The homeowners’ vintage dining chairs were reupholstered in Jammu linen by Jasper Fabrics. “They had four, which we tucked in wherever we could,” designer Roisin Giese says. The statement swing arm sconce is by Ralph Lauren for Visual Comfort.
The homeowners’ vintage dining chairs were reupholstered in Jammu linen by Jasper Fabrics. “They had four, which we tucked in wherever we could,” designer Roisin Giese says. The statement swing arm sconce is by Ralph Lauren for Visual Comfort. Joyelle West

Although a physical barrier no longer divides the space, there are still distinct zones. “We did some things to make it feel like one room, and then others to make it feel separate,” Giese says. A subtly patterned rug layered over the sisal defines the seating area, as does the grouping of botanical prints above the sofa. Each area also boasts its own statement light fixture — there’s a squiggly cast resin bowl pendant over the seating area, and a gigantic swing-arm sconce juts out over the table.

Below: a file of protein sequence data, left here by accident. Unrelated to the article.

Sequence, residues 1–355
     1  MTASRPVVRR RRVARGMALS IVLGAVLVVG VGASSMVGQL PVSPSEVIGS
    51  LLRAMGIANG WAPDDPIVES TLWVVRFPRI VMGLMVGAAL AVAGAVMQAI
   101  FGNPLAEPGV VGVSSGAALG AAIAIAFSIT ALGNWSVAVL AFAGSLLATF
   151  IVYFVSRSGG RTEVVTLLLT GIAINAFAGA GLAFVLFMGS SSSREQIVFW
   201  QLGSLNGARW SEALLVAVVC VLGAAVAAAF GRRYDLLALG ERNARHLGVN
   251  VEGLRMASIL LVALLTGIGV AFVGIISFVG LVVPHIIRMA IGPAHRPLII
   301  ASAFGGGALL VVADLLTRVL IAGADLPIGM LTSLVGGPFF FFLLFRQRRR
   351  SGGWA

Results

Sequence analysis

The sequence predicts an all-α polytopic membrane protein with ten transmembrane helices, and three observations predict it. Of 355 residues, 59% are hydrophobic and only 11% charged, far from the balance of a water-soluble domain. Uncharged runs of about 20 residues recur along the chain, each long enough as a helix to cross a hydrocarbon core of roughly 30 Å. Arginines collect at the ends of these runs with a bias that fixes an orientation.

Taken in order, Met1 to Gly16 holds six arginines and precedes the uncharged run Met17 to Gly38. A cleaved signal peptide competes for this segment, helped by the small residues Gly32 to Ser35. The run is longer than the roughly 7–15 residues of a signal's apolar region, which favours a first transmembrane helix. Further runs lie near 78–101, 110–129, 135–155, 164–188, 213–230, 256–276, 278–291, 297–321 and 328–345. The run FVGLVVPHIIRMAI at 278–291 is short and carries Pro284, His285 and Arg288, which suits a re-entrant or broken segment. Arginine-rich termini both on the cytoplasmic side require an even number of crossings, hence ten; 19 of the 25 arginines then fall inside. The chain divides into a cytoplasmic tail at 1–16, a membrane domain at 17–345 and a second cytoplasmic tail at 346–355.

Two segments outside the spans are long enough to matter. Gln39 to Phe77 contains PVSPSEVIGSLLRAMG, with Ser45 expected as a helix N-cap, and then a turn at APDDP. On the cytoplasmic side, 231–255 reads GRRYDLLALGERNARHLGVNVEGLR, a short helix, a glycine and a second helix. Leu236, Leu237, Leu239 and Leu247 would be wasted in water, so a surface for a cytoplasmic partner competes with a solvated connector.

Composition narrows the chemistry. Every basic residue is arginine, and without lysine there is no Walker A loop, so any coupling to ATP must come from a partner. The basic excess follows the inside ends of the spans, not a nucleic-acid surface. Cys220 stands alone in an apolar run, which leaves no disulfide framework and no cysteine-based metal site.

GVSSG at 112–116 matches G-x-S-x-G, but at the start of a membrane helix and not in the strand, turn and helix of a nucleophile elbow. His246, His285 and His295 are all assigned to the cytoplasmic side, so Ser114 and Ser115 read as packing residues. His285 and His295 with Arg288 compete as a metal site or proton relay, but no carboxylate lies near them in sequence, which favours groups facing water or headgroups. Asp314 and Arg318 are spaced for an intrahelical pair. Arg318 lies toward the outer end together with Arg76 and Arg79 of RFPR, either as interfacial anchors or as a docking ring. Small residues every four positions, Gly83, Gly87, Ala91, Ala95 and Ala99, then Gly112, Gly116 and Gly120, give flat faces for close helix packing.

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The decorative mantel was relocated to the bump-out wall to provide a bit more visual separation as well as a pretty focal point. Because one chair swivels, it can service both seating and dining spaces. The homeowners’ existing vintage fauteuil and dining chairs — all reupholstered to work with the new scheme — can be pulled to either side, and a garden stool is an extra place to perch a person or a drink. “Anywhere we could accommodate more people, we did,” Giese says.

Storage, too, was carefully considered. An inexpensive shelving unit went up over the banquette, and coat hooks adjacent to the front door eliminate the need to walk coats to the bedroom. To the left of the entry, a shallow but still roomy console holds office supplies that lived in a desk that the homeowners realized they didn’t really need.

Towel hooks, floating shelves, and an extra-tall recessed medicine chest add utility to the bathroom, where Giese also swapped out a bulky vanity for a pedestal sink to open up some breathing room. New hex floor tile, shiny sconces, and floral wallpaper transform the formerly so-so space into a little gem. In the bedroom, a double closet and a dresser take care of storage needs, while a curvy upholstered headboard, a Roman blackout shade, and custom pillows made from a mix of organic and geometric textiles provide equal doses of soothing color and lyrical interest. “The homeowner loves floral patterns and color, so we incorporated that with all the accessories,” Giese says.